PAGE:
Tennessee Queer, a new film from Memphis native Mark Jones, tells the tale of Jason Potts, a New Yorker who returns to his Tennessee hometown and takes on the task of engineering a pride parade in the small town. The film was inspired by local events.
“I started writing this in late February of 2011,” said Jones. “Different things had occurred. In 2009, our Shelby county government was going to vote on giving some equality to gay/lesbian county workers. We had the Shelby County commissioner, about two weeks before the vote, hold this huge press conference outside, right in front of the county building. He invited six ministers to come, and they, all six, just spoke so angrily and so disrespectful of gay people. It was just amazing and the county commissioner just stood there smiling, listening. It was ugly, it was horrible to watch.” Along with a rash of highly publicized suicides by gay teens, these events were the inspiration for the movie.
Tennessee Queer was filmed almost entirely in Memphis with a local cast and crew. “What’s really cool is the movie takes place in a small town,” said Jones. “So we have a stretch called Broad Avenue here in Memphis, and we used the main street of downtown Binghampton. Right after WWI, the city of Memphis annexed Binghampton and just kept going, so it’s kind of in the middle of the city now, but three or four blocks haven’t changed in a hundred years. It still looks like a downtown main street of a small town.”
The film was shot over nineteen days within a four week window. Shooting began in September 2011 and was complete by late October. “The first film festival we played in was in July of 2012,” said Jones, “and it was at Philadelphia QFest, Philadelphia’s gay and lesbian film festival and actually I met representatives from Breaking Glass Pictures. So I took their card and we kept going to film festivals. We did the film festival circuit for about a year or 15 months, actually played at some universities for their gay and lesbian student groups. We played down at MTSU for their LGBT group last October.”
It took a film showing in LA this spring, coordinated by Jones, for the distribution company Breaking Glass to find its way back into the picture. The owner of the movie theater helped Jones get reacquainted with the distribution company. He “got us all back together and talking about the film. And then I shipped them another copy of it and here we are today!”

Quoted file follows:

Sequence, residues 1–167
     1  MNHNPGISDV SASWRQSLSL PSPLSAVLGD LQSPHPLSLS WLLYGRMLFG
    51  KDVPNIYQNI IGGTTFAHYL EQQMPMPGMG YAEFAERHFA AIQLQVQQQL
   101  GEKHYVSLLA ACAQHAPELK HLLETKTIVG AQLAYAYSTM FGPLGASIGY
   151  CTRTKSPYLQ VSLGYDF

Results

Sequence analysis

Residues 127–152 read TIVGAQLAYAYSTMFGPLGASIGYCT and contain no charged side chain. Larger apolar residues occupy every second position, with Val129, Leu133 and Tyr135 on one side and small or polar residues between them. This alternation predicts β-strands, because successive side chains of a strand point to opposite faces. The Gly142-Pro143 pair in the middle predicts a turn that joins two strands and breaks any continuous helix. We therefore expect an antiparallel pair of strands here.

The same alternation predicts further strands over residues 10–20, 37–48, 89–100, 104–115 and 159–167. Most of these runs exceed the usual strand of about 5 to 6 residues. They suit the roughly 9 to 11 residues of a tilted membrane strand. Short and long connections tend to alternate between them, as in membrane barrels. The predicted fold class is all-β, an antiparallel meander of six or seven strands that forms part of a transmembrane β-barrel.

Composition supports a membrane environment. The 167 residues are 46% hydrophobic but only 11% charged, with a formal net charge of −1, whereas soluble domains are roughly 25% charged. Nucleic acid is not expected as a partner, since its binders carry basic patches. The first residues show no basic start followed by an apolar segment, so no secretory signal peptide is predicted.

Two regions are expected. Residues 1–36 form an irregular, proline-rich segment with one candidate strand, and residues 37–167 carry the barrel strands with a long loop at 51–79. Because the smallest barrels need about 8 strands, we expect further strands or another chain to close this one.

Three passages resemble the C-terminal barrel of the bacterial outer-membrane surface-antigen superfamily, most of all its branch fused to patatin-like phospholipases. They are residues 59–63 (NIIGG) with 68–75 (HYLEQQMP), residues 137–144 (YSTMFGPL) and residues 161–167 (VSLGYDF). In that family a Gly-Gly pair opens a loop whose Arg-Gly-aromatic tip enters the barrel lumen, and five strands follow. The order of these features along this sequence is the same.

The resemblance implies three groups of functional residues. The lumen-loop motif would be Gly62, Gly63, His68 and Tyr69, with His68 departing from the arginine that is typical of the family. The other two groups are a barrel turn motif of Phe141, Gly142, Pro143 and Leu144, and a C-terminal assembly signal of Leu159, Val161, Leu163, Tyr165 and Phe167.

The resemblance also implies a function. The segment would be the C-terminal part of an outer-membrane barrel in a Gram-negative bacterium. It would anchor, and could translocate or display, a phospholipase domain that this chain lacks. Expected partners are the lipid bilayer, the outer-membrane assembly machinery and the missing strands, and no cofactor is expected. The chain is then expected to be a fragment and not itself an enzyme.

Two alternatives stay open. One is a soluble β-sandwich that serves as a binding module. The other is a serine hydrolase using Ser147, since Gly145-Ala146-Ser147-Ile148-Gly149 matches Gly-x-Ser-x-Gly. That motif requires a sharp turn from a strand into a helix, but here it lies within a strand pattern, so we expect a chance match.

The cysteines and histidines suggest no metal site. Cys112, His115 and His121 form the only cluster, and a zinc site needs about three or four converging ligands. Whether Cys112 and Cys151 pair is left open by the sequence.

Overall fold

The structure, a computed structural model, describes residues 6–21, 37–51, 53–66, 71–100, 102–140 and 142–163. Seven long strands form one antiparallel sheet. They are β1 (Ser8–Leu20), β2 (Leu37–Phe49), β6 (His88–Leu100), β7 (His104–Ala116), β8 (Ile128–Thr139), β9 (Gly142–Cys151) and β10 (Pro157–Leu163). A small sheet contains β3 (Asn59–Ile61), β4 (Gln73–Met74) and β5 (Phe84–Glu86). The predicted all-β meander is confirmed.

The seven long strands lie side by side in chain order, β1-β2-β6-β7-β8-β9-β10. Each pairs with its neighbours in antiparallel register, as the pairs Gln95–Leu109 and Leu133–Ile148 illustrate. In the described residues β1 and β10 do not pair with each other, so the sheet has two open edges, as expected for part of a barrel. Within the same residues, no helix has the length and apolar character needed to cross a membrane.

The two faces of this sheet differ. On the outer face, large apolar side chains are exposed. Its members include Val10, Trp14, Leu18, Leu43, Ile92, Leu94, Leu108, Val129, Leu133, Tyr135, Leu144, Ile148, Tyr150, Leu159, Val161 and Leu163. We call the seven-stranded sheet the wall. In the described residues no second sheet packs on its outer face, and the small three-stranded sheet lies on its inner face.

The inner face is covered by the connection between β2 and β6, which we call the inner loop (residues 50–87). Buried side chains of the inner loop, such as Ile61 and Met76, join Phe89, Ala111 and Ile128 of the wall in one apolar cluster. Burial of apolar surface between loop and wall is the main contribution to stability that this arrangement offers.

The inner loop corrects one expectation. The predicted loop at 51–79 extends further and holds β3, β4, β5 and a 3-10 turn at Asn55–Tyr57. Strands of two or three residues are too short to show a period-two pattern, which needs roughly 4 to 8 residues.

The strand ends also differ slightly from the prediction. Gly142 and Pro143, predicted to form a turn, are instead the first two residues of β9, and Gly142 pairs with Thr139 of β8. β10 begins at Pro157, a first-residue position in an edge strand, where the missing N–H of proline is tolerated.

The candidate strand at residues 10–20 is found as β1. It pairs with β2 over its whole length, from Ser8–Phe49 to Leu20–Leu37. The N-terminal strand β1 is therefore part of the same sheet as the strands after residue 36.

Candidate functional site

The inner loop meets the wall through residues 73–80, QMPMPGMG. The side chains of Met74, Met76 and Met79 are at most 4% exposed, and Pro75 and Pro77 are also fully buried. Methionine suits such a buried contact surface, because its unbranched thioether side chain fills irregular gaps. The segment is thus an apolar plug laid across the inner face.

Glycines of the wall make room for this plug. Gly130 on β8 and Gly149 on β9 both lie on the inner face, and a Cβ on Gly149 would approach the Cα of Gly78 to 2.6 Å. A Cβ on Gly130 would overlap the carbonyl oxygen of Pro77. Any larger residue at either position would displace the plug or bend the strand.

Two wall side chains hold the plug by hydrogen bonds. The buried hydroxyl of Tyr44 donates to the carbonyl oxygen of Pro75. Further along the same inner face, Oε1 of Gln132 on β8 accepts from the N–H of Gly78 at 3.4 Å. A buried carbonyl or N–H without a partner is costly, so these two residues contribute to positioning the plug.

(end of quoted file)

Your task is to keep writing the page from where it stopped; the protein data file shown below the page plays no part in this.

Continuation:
“For my theatrical release, I rented out a screen sometimes for a night, sometimes for a week,” said Jones. “And did the same in Atlanta. I did a night in New Orleans, a night in Mobile, Alabama. A night in Dallas. And one of our local movie houses here in Memphis actually played it for two weeks, I didn’t have to rent out the screen. They liked it and they wanted to show a local film, so it played in Memphis for two weeks.”
Reflecting on the film, Jones considers the value of local heroes and their value especially in small towns. “I’m a big believer that one person can make a difference. I know that you have some help, but one person, like our lead character, Jason, ends up putting on a gay pride parade and it’s about his battle to do that. I believe one person can make a difference, sort of like Jimmy Stewart in It’s a Wonderful Life or Gary Cooper in High Noon, sort of that one man against the world kind of thinking.”
“It’s a fun comedy,” he added. “I’ve gotten a lot of good comments, going to festivals, and I think especially in Nashville and people in the surrounding area will like it because it’s a Southern film. It takes place in Tennessee so I hope they’ll like it.”
Visit the website for more information about the film, which is now available on DVD and digitally.
FILM REVIEW: Bringing pride to the hometown crowd